Dendritic cell (DC)-based vaccines have been used to generate Th1-mediated, protective immunity against cancers and infectious microorganisms. As an attempt to develop a new vaccine protocol for the induction of Th2-directed responses, we introduced an IL-4 plasmid vector into the XS106 DC line (derived from A/J mice). Although relatively small fractions of XS106 cells exhibited apparent intracellular deposition of IL-4, they secreted biologically relevant amounts of the cytokine. IL-4-transduced XS106 DC and control XS106 DC transfected with vector alone were pulsed with KLH and injected s.c. into A/J mice. The overall magnitude of KLH-specific cellular and humoral responses was comparable between the two animal groups. However, they differed in the isotype profile albeit only transiently, with the IL-4-transduced DC group showing higher IgE and lower IgG2a responses, and in the cytokine profile, with spleen cells isolated from the IL-4-transduced DC group producing higher IL-13 and lower IL-12. Thus, delivery of IL-4 gene to relatively small numbers of DC is sufficient to modify the immunological outcome of DC-based vaccines. Copyright (C) 2000 Elsevier Science Ltd.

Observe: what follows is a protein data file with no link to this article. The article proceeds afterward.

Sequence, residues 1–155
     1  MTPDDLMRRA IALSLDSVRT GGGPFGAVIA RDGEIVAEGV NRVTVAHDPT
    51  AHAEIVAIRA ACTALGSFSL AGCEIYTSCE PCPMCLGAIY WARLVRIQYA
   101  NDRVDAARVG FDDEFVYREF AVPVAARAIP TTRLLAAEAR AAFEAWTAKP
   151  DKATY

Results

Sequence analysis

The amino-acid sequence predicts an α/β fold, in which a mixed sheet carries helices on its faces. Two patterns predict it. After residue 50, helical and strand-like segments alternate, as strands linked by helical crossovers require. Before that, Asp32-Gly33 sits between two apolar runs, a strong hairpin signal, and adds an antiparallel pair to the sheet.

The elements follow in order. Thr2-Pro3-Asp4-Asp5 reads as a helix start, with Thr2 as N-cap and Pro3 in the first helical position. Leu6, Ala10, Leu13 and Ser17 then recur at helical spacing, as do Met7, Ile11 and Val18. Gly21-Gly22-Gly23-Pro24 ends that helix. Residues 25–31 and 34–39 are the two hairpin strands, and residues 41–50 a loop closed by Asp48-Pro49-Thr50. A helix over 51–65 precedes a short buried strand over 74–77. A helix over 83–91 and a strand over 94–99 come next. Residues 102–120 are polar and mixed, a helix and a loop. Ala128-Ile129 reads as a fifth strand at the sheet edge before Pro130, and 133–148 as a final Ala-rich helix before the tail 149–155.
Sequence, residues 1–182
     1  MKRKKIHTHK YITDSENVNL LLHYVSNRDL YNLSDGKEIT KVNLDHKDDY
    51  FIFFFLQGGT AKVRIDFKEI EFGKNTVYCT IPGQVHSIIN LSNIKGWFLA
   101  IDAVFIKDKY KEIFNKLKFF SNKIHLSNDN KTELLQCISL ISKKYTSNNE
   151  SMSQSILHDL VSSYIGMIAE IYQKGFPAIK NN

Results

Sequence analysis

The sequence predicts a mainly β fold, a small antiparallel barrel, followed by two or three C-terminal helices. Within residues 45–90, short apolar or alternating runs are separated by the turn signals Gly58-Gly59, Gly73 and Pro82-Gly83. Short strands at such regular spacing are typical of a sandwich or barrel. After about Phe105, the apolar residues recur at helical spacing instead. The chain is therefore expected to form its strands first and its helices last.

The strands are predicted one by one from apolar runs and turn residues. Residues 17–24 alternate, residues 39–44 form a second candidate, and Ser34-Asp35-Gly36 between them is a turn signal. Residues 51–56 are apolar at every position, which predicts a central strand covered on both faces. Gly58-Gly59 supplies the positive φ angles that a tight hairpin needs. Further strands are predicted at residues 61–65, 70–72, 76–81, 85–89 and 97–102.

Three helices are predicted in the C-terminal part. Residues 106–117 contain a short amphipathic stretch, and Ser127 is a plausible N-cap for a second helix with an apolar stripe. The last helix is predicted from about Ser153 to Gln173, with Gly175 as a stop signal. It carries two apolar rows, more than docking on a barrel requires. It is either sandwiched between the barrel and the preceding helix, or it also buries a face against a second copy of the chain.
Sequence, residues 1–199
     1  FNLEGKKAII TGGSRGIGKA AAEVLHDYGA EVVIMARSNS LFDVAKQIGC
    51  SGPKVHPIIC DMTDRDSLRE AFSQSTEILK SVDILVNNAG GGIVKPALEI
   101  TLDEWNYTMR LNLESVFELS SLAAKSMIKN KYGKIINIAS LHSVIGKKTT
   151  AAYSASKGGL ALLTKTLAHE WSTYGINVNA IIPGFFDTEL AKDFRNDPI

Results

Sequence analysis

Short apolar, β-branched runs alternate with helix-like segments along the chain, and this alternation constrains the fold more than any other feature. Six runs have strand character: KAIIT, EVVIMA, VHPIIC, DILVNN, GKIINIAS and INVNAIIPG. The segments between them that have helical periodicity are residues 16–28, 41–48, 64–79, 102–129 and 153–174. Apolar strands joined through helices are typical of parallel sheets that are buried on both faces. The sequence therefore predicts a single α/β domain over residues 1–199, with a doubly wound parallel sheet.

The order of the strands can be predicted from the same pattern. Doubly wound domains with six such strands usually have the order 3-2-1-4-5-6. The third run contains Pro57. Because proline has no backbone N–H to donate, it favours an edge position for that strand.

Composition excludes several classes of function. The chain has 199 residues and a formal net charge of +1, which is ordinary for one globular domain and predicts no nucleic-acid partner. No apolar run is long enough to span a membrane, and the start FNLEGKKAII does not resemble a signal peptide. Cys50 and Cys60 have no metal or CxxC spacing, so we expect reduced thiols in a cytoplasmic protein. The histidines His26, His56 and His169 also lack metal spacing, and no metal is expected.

- Dendritic cells
- Th2-biased immune responses
ASJC Scopus subject areas
- Molecular Medicine
- Immunology and Microbiology(all)
- Public Health, Environmental and Occupational Health
- Infectious Diseases